When you are arrested and charged with a crime, the details of the case are put online for all the world to see. A quick search online by anyone (e.g. family, friends, co-workers) will reveal any crime you have been charged with, as your public record is free for anyone to view. Having that information available to the public isn't always a good thing. When you're applying for a job or trying to get housing from a potential landlord, a background check will likely be conducted. All of this information will come up for them to see.
Because many people don't want old criminal charges to blemish an otherwise great public record, it's possible to have cases expunged. What does that mean? Expunging a case is a legal procedure that will destroy or remove all or part of the records of a case. This would prevent people from being able to access information about any of your previous charges. So, if someone were to conduct a background check on you, the record would not show up. However, arrests will still remain on your record, as sealing an arrest is a different process than expungement.
Since background checks are being required for more and more things these days, many people are choosing to go through the process of expunging their records. After all, no one wants old charges hindering them in any way, shape, or form. And you will never have to disclose to anyone that something was expunged from your record.
Expunging a Case
The process required to have a case expunged from your record will vary depending on the state you live in. Each state has procedures and requirements that must be followed in order to receive an expungement. No matter where you are located, you will have to complete any probation or court-appointed classes associated with your case, as well as pay all required fines prior to petitioning for an expungement. You also cannot have convicted another crime following that original case.
In order to have a case expunged from your record, you will need to consult with an attorney. An experienced attorney will be able to tell you whether or not you're able to expunge said record and will guide you through the process. What happens next will depend where you live, but you will likely have to obtain a copy of your conviction and move forward from there.
By hiring an attorney to handle your expungement, you can be sure the process will go much more smoothly than if you were to try to take care of it yourself. An attorney will be there to argue your case and file any necessary motions. With an attorney who is experienced with expunging cases, you can feel more confident that you will have a successful result in the end.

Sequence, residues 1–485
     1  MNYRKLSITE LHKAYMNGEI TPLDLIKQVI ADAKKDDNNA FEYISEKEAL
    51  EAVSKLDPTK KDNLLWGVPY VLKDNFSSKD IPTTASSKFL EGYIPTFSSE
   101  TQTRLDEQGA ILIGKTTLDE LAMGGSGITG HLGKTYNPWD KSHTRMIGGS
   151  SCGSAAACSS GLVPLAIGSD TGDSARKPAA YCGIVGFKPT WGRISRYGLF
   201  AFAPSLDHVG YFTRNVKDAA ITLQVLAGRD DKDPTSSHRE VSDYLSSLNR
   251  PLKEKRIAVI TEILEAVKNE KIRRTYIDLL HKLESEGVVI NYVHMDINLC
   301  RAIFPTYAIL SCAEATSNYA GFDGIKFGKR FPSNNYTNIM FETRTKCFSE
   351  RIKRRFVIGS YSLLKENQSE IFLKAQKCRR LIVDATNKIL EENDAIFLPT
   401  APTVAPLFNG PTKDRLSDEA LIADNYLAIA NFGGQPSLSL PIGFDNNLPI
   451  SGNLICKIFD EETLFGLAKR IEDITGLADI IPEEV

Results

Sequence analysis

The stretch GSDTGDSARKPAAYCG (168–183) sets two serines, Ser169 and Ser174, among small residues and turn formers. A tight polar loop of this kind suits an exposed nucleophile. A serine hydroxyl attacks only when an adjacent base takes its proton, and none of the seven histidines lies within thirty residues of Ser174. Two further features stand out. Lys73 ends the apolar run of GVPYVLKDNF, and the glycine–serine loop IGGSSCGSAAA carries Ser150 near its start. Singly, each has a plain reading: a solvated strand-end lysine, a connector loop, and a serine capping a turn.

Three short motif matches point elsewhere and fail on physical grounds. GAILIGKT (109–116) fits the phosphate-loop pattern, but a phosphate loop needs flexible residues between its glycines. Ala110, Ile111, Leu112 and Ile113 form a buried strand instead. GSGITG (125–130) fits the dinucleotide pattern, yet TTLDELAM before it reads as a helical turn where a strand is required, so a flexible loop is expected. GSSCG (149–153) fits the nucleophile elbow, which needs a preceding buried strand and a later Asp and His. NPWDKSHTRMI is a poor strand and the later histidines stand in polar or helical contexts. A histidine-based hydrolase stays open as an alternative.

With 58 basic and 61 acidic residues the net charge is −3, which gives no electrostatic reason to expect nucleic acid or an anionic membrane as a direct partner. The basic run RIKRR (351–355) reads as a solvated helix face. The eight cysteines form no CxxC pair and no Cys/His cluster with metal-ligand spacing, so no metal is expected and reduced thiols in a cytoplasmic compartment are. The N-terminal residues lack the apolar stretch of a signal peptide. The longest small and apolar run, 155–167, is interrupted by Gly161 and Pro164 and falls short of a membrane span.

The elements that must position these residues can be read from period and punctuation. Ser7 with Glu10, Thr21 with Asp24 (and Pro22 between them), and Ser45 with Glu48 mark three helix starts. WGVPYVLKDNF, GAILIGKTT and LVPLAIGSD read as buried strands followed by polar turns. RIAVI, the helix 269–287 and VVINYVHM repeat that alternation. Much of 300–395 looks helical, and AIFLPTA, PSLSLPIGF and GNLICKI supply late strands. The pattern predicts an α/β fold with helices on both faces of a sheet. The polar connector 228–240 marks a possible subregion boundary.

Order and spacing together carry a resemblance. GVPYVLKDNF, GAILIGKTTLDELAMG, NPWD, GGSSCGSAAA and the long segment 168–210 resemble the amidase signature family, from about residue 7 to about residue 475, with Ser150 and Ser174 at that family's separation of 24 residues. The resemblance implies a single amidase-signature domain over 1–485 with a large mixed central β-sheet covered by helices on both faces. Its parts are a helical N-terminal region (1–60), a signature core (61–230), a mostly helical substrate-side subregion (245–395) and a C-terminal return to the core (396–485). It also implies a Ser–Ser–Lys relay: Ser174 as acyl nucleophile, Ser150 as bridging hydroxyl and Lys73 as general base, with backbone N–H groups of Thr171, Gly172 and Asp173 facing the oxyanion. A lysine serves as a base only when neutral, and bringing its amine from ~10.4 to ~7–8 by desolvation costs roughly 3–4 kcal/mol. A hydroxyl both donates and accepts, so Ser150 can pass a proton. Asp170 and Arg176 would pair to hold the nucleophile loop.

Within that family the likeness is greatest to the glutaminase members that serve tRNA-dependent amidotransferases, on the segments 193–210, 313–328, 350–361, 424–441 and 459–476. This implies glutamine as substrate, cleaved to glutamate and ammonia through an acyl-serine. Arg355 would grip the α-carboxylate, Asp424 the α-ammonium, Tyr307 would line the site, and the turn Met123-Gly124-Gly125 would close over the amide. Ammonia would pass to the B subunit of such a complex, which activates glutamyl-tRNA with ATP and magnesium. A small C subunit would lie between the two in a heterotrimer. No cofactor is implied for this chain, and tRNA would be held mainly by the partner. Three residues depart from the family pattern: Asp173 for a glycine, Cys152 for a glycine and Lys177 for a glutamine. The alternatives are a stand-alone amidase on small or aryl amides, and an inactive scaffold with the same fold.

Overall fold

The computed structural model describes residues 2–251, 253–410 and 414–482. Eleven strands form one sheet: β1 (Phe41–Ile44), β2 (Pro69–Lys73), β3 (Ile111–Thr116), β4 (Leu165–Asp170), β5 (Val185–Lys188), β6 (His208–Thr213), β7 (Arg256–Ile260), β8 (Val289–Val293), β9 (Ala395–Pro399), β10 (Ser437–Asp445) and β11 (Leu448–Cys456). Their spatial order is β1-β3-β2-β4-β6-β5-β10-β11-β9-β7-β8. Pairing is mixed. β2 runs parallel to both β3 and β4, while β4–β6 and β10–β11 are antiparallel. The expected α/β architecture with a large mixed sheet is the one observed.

How Long Does it Take?
Unfortunately, there is no set answer for how long it takes to expunge a case. Because the process can vary state by state and it can take time to get everything completed, no one can expect to see the same results when it comes to time frame. One thing you cannot expect is that your record will be cleared overnight.
As mentioned above, you will have to complete any probation period and pay any fines associated with the case before you can even think about expunging a case from your record. In many cases, there is also a waiting period that can last up to five years depending on your state.
Not to mention, the entire expungement process is not an easy one. You may think you could simply file some paperwork and have the case erased from your record, but it just doesn't work like that. Papers are often required to be served to the District Attorney and sometimes have to be signed off on by a judge. In some situations, a court hearing is required in order to decide whether or not your record should be expunged.
If you choose to move forward with expunging a case from your record, please know that it can be a lengthy process due to all that is involved with making this happen. Depending on your conviction, it can take many months before everything is finalized and your record is cleaned. It's safe to expect the process will take anywhere from two to six months in a majority of cases. However, if mistakes are made, it can take even longer. It's another reason why it's great to have an attorney helping you through this and making sure things are done correctly.